Department of physical therapy faculty members Meryl Alappattu, Ph.D., D.P.T., and Mark Bishop, Ph.D., P.T., are recipients of national awards from the American Physical Therapy Association. Alappattu, a research assistant professor, received the Lucy Blair Service Award recognizing exceptional contributions to the association. Bishop, an associate professor, has been named a Catherine Worthingham Fellow, the association’s highest honor.
Alappattu, who received her doctor of physical therapy and Ph.D. in rehabilitation science from the College of Public Health and Health Professions, began her service to the profession when she was a UF DPT student. She led the reinstatement of the Florida Physical Therapy Association’s student interest group and its conclave. Her involvement continued after graduation with terms on the FPTA’s board of directors and she is currently in her second term as the association’s vice president. She also served as co-chair of the FPTA’s Task Force to Modernize the Practice Act. The group’s efforts led to the passage of important Florida legislation that increases patient access to physical therapy.
“Dr. Alappattu’s contributions to Florida’s physical therapy legislative and advocacy efforts are impactful, far-reaching and demonstrate her continued passion to protect and progress the profession of physical therapy,” said Tad P. Fisher, FPTA’s chief executive officer.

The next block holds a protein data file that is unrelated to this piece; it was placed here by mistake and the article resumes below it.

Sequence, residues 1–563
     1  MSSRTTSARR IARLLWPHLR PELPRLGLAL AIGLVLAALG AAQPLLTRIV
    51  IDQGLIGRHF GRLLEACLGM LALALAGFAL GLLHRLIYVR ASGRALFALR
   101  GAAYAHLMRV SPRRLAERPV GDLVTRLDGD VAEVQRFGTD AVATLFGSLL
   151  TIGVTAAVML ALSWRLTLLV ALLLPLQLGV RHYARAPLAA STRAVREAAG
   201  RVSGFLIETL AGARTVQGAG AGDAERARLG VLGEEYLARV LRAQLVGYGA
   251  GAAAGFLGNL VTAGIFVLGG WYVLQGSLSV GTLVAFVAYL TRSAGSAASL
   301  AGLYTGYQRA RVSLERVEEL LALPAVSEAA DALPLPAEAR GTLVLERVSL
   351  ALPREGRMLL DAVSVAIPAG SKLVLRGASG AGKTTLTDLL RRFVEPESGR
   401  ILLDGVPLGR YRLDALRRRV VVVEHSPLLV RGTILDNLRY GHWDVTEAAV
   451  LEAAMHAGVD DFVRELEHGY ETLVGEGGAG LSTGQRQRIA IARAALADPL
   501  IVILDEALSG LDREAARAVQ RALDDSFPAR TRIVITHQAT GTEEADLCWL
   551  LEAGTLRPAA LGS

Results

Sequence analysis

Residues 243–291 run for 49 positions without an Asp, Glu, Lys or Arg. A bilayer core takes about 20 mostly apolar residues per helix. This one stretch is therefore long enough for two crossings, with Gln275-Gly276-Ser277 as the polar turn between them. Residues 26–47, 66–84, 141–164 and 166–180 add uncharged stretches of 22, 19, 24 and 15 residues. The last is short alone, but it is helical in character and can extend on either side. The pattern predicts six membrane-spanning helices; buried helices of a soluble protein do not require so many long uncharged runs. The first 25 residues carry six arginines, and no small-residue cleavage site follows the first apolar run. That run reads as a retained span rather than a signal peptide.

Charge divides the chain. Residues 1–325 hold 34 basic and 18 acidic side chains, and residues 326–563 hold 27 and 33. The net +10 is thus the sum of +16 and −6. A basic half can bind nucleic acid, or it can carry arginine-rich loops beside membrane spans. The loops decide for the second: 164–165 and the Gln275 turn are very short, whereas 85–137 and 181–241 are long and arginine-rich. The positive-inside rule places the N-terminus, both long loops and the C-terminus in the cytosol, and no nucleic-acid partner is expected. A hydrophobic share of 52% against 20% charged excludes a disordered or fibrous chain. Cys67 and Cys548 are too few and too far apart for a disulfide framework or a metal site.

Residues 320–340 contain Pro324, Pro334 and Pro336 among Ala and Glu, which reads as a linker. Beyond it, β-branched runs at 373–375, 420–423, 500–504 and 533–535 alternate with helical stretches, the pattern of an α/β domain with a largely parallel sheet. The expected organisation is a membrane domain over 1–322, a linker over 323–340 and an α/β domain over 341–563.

At the national level, Alappattu is the director of research for the APTA’s Section on Women’s Health. In this role, she improved the research grant process, led the establishment of a new grant opportunity and oversaw the transition of the new editor-in-chief for the Journal of Women’s Health Physical Therapy. She also serves as a Florida delegate to the APTA’s House of Delegates, the association’s policy-making body. The APTA named her an Emerging Leader in 2015.
Bishop, a graduate of PHHP’s doctoral program in rehabilitation science, is an international expert on musculoskeletal pain. His current research examines mechanisms behind the transition from acute to chronic pain, and the influence of factors between providers and patients in shaping patient outcomes. He is the author or co-author of more than 100 articles in high impact journals and he is frequently called upon to present keynote addresses at meetings all over the world. He is the 2017 recipient of the FPTA’s Award for Scholarly Impact on Practice.
He has also received numerous state and national awards for his teaching, including the James A. Gould Excellence in Teaching from the APTA’s Orthopaedic Section.
Last fall, Bishop was invited to speak at a meeting of the Florida Senate Opioid Commission where he presented research on the role of physical therapy in managing pain and emphasized the importance of early access to physical therapy as an alternative to opioids for acute musculoskeletal pain. He is now working with the FPTA and their lobbying team to offer recommendations for bills in the Florida House and Senate that include provisions for physicians to receive education about the use of non-pharmacologic alternatives to opioids, including physical therapy.
“Mark is a tireless advocate for the physical therapy profession through his service,” said Steven George, Ph.D., P.T., a professor in the Duke Clinical Research Institute and the department of orthopaedic surgery at Duke University. “I have met many people in my professional travels, but none who embody what it means to be a physical therapist quite like Mark Bishop does.”
Alappattu and Bishop will be recognized at the APTA’s NEXT Conference and Exposition in June in Orlando.